Well, the milestones are what you talked about earlier, that power data grapple fixture. We have one that we have to take out of the cargo bay of the Orbiter and we have to put up on one of the trusses of the space station. Then, we have those debris panel shields that you talked about earlier and that we discussed were going to be used for micrometeorite protection. Those have to be pulled out of the cargo bay of the space shuttle, and those have to be attached back on the space station at a certain location for further installation by, probably by one of the station crews. And then there is the crew coming back. And, they have to remove some blankets from some of the avionics on the mobile base system. And, what I mean by blankets is that they're thermal protection covers. You know, you've taken these set of avionics, which are on the Earth and they're maintained probably somewhere around 72 to 80 degrees all the time, and now we've taken them into space, we've jolted them, we've put them into space, and now they're going through the varying temperatures of space. You know, they'll have the Sun on them, get warm, go, Sun goes down, temperatures drop, so they have some extremes that they have to deal with. And so, we maintain blankets on those to provide a little micrometeorite protection and then also to keep the temperature stabilized. And, until we get power on those, where we can, what we call "keep-alive" power that keeps the internal electronics warm, they have blankets on them. Well, after we've dropped the debris panels off in the back they're going to use the robotic arm to, the station robotic arm, to apply power to those avionics. And then, we have to pull the blankets off. And then, that will terminate that first space walk.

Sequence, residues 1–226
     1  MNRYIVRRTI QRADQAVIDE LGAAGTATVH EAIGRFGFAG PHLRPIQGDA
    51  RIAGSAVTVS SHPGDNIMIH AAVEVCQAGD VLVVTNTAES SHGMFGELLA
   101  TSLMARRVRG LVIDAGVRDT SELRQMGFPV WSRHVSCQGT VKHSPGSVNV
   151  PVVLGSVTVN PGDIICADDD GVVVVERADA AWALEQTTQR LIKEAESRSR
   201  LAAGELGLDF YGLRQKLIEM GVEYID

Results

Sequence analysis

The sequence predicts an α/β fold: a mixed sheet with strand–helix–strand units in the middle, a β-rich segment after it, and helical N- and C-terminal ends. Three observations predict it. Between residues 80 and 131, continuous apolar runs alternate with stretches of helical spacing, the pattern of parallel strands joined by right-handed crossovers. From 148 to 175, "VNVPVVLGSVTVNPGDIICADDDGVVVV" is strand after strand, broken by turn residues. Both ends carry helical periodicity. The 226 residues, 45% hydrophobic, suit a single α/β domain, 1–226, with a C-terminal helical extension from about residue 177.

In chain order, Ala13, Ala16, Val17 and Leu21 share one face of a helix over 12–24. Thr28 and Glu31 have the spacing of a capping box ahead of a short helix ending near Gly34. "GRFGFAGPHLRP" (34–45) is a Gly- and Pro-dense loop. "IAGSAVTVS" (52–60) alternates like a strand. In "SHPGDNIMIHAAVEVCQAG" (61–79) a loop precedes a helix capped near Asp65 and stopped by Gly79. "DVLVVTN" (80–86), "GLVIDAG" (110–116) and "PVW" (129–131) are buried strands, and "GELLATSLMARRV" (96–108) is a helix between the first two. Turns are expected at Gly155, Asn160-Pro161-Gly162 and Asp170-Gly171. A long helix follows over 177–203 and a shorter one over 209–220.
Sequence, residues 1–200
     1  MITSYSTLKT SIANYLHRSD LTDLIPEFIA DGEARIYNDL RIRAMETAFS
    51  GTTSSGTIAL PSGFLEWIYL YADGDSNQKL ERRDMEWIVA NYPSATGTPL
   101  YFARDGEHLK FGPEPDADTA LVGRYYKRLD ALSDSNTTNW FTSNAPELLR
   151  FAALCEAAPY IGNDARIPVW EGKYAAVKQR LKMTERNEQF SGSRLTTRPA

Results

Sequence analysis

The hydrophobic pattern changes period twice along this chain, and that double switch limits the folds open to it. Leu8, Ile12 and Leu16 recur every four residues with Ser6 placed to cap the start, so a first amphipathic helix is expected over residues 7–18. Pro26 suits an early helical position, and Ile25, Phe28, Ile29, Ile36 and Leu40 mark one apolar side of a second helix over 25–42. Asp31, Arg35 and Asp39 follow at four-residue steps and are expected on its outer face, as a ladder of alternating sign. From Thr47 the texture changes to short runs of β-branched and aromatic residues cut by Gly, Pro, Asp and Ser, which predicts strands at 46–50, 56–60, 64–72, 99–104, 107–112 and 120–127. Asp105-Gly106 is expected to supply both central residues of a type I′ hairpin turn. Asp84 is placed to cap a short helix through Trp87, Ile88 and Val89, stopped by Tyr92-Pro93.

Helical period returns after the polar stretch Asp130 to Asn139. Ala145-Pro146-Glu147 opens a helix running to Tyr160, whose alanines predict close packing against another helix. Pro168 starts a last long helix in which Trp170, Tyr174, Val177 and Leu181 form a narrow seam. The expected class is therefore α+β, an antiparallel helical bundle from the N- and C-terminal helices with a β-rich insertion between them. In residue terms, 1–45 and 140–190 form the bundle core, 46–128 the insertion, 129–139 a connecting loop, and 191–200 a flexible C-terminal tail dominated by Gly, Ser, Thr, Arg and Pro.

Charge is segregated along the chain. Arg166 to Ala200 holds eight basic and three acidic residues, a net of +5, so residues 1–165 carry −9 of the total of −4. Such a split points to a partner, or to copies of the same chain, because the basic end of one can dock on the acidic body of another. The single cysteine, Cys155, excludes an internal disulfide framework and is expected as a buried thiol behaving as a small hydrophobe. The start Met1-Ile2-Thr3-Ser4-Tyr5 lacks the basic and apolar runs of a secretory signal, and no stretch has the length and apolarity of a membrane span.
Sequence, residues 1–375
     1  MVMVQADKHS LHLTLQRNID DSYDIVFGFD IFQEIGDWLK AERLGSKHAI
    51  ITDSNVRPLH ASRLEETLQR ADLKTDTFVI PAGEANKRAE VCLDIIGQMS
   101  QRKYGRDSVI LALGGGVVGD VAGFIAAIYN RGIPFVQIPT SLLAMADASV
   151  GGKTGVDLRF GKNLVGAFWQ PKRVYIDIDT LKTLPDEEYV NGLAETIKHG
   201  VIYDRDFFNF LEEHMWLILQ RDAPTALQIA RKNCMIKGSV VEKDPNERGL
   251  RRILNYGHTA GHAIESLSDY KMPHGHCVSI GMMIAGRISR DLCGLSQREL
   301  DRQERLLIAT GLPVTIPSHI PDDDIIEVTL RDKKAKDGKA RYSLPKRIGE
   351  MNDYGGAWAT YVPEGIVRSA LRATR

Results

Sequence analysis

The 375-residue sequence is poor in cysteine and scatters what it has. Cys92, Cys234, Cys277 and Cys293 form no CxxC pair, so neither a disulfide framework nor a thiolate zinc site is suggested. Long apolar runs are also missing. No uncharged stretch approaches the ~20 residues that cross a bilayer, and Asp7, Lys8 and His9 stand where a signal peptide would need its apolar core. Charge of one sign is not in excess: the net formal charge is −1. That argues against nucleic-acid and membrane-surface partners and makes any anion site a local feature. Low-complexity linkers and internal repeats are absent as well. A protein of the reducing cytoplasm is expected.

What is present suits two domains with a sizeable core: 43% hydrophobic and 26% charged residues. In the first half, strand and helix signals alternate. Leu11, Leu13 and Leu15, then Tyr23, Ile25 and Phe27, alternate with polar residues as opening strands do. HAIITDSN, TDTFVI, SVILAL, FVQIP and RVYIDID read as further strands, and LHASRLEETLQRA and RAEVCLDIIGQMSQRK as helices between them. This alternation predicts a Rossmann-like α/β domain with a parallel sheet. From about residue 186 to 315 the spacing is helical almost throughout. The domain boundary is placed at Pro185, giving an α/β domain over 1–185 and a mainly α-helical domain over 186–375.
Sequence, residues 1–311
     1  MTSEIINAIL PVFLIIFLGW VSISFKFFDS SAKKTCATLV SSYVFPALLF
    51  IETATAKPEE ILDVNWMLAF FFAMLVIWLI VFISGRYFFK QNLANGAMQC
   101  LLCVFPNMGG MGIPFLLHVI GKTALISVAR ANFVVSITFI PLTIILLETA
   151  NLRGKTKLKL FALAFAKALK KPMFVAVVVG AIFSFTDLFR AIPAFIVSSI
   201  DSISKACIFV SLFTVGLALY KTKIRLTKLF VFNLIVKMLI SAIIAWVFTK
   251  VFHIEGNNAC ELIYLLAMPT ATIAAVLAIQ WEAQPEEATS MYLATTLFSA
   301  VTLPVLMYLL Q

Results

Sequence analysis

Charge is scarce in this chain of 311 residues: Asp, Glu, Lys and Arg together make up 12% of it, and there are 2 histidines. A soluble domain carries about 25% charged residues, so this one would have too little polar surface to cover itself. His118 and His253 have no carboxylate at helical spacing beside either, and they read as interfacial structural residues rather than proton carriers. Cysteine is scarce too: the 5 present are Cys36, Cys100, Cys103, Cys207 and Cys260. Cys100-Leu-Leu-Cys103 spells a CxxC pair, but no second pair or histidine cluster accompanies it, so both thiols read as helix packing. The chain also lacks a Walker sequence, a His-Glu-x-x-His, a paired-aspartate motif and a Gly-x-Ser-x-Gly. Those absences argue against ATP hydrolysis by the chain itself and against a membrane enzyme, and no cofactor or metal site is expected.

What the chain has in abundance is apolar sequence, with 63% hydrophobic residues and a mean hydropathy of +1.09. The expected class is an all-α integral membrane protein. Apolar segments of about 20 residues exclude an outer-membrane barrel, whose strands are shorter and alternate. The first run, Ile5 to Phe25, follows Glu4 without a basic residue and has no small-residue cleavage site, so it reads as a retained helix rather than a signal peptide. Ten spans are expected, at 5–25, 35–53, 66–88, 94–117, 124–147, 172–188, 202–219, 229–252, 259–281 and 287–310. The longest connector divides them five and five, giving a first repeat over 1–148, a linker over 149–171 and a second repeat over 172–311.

So, what happens on the second space walk?

The second space walk is really critical. In the interim between the two space walks, they've taken the mobile base system, and they've actually taken it out of the cargo bay, and they've put it up on the mobile transporter, which is on the S0 truss, which STS-110 right now is attaching. And, we actually, since it's attached, we actually have to bolt it down. So, our crew is going up there, and they're going to attach the bolts as well as start to attach the umbilicals that give the mobile base system electrical power and data. So, as you can see, you have data and power that has to flow from the space station, through the S0 truss, through the mobile transporter, to the mobile base system. And, we go and make those connections to the mobile base system and the mobile transporter. And, all that's necessary because eventually we, as we talked about earlier, when you put the robotic arm on there, that's how we'll get power and data through the power data grapple fixtures, which are on the mobile base system itself.

The Canadian arm is a part of the focus of the third space walk.